How the Government Shutdown Is Affecting Federal Technology

Take a look at how federal agencies are handling furloughs.

With 800,000 feds on furlough and many government websites gone dark, the government shutdown is having a major impact on technology initiatives and IT operations. Every agency is dealing with frustrated citizens and employees, not to mention major setbacks for mission-critical projects. Here’s a snapshot of where a few agencies are right now.

Have a story about your furlough experience? Let us know in the Comments or tweet us.

Checking Email Is Illegal

Why can’t park rangers offer tours for free? And why can’t CIOs catch up on email? Because it’s illegal. That’s right — there is a law forbidding furloughed feds to work, lest the government be held accountable for their work when the shutdown ends. Slate’s Matthew Yglesias explains:

The reason is the Anti-Deficiency Act of 1884 as interpreted by the Justice Department of the late Carter years, with subsequent refinements by OMB and other relevant agencies. The basic logic of the Anti-Deficiency Act is to say that executive branch officials are not allowed to undertake actions that create financial obligations for the federal government that they have not received congressional funding for. The Navy, in other words, can't order up a bunch of ships and then when the bill comes due tell Congress that it needs to appropriate the money to pay for the ships lest the entire creditworthiness of the American military collapse.

Read Why Federal Workers Can't Volunteer to Work for Free on Slate.

Just before the shutdown, the Washington Post reported that federal workers who check email while furloughed are technically breaking the law.

In the event of a government shutdown — just 12 hours to go until the deadline — workers on furlough will be barred from accessing their work e-mail accounts, according to the Office of Personnel Management.

That means no "marking-as-read," "just peeking," or "catching up." Public servants who've been told to stay home may even be asked to hand over their mobile devices — just to make sure.

A few interesting tidbits about this:

  • The law, which is being applied to regulate email usage, was passed over 100 years ago.
  • Penalties for breaking the law could include fines and even jail time.
  • One wonders: If they can’t check email, how will they know when to go back to work?

Is the Shutdown Putting IT Security at Risk?

Quite possibly, yes. Most National Institute of Standards and Technology (NIST) employees are considered nonessential and have ceased work on their cybersecurity framework. A preliminary draft was expected on October 10.

"All work on the framework will stop for the duration because the framework and its staff are not [exempt from furloughs]," NIST spokeswoman Jennifer Huergo said hours before the shutdown.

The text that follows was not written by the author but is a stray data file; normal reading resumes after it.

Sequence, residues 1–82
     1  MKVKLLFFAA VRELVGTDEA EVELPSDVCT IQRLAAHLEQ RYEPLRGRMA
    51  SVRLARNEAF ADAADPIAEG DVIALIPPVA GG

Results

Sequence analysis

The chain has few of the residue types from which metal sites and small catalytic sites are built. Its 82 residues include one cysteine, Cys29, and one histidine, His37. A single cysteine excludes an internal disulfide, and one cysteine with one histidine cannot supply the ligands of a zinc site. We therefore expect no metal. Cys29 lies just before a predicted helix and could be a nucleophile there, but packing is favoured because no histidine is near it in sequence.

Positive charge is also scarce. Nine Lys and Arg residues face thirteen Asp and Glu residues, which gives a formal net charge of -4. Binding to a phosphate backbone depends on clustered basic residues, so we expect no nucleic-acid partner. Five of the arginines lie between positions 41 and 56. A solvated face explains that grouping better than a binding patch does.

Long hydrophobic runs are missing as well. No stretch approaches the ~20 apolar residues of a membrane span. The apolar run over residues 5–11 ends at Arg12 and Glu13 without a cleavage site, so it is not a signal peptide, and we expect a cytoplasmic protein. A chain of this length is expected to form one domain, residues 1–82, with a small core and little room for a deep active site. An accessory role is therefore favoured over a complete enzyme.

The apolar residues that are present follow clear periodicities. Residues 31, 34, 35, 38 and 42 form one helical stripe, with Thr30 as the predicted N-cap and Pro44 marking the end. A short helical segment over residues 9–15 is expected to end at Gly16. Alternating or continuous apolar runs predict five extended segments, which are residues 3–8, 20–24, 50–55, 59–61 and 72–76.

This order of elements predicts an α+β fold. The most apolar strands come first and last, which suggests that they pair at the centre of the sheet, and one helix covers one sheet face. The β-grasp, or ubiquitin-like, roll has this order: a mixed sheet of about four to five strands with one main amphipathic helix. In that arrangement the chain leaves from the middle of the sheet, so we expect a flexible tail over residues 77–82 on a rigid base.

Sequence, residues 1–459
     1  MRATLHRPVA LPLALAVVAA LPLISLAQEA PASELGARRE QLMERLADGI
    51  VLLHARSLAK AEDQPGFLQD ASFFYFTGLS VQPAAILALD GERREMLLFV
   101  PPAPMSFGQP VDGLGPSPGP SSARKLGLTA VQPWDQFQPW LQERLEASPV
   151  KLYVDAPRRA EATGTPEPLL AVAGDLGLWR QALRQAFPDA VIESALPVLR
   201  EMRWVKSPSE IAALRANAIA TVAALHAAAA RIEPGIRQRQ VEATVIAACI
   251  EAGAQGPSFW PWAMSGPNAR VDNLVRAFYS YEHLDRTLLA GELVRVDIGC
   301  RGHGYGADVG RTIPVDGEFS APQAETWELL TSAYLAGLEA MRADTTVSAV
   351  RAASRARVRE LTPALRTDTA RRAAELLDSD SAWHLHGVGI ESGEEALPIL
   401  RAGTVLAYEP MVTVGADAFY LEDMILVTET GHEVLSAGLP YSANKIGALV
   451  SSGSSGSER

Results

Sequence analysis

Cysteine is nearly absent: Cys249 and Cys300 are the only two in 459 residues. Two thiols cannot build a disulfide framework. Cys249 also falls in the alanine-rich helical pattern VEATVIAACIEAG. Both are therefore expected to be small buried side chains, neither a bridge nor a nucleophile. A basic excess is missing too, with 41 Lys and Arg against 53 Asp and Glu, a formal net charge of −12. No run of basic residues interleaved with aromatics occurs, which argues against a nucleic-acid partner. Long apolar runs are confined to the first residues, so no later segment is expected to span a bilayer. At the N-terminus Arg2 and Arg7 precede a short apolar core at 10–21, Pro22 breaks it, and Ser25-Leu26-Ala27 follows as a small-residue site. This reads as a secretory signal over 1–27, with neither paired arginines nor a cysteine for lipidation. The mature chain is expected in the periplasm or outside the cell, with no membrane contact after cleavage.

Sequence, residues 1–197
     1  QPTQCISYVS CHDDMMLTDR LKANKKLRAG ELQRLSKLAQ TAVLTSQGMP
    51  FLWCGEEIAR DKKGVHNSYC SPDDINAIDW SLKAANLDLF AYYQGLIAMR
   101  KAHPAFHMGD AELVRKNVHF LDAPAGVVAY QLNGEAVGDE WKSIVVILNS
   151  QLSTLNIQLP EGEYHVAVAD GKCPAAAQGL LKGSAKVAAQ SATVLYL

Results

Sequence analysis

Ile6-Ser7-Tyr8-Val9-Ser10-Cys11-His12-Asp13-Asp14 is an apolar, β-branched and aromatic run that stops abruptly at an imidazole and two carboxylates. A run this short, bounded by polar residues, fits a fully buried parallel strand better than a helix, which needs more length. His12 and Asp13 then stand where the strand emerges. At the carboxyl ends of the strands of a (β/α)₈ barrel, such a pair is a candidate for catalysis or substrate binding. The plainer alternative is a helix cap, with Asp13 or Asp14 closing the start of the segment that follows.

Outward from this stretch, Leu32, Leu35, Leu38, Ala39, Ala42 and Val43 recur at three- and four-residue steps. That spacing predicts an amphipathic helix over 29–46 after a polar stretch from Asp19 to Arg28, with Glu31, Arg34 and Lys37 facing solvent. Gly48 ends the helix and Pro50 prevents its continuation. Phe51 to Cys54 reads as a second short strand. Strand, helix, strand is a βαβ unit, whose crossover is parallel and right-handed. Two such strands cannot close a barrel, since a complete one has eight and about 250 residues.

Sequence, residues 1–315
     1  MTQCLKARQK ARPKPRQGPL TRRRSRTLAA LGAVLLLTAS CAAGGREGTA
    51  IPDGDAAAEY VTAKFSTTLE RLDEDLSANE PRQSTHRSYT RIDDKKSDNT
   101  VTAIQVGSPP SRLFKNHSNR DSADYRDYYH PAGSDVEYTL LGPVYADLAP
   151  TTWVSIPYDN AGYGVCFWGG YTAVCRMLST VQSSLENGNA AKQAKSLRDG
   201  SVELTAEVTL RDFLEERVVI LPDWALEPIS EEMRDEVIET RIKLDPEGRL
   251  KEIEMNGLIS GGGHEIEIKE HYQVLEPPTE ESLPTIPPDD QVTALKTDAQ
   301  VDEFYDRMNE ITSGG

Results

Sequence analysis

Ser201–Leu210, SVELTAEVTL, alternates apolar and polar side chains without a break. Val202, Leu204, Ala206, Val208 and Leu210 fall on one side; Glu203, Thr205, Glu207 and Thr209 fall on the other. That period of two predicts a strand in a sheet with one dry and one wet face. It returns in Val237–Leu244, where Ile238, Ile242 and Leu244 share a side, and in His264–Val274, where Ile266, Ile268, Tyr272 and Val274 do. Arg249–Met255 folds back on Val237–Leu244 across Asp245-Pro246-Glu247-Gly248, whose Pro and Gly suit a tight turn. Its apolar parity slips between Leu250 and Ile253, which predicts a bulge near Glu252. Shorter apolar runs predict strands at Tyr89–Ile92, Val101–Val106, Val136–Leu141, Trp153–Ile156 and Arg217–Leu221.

IT security experts, meanwhile, say perceived disruptions caused by the shutdown could encourage America's cyber-adversaries to increase their attacks and probes on federal government IT systems and networks.

Read Shutdown's Impact on Federal IT Security on BankInfoSecurity.

Where Did All the Data Go?

With frozen during the shutdown, no one can access the treasure trove of public data that was available for free just a few days ago. If you were working on an app, research project or political campaign, your data needs will just have to wait.

Politicians are still raising money. We still have a population, unemployment, and social problems. But if you want to look up some of those basic facts, well, can't help you, you'll have to ask about those campaign donations later, and the Census will get back to you someday.

It's not 1995 anymore. The government lives on the Internet and so do we, and we can't just lose access to all the information they put online. We all understand why the Internet Archive keeps the Web on file for us. The only reliable way to preserve data online is to make copies — and the more copies, the better!

Interestingly, the Office of Management and Budget doesn’t care if shutting a website down is actually more expensive that keeping it running. Tom Lee of the Sunlight Foundation found this out in OMB’s September 17th memorandum.

Q5: What if the cost of shutting down a website exceeds the cost of maintaining services?

A5: The determination of which services continue during an appropriations lapse is not affected by whether the costs of shutdown exceed the costs of maintaining services.

Read Government APIs Aren't A Backup Plan on the Sunlight Foundation blog.

NASA Will Gut It Out with Just Three Percent of Employees

Nearly 18,000 NASA employees — a full 97 percent of its workforce — have been furloughed, leaving just 600 people to maintain the health of the agency’s ongoing space initiatives, which include astronauts in the International Space Station. Two Americans are currently living in the space station with four other astronauts. International Business Times reports that since NASA’s Jet Propulsion Lab employees are contractors, not federal employees, the Mars Curiosity Rover will continue collecting data and sending it back to Earth.

How is the shutdown affecting your agency? Let us know in the Comments.

Oct 02 2013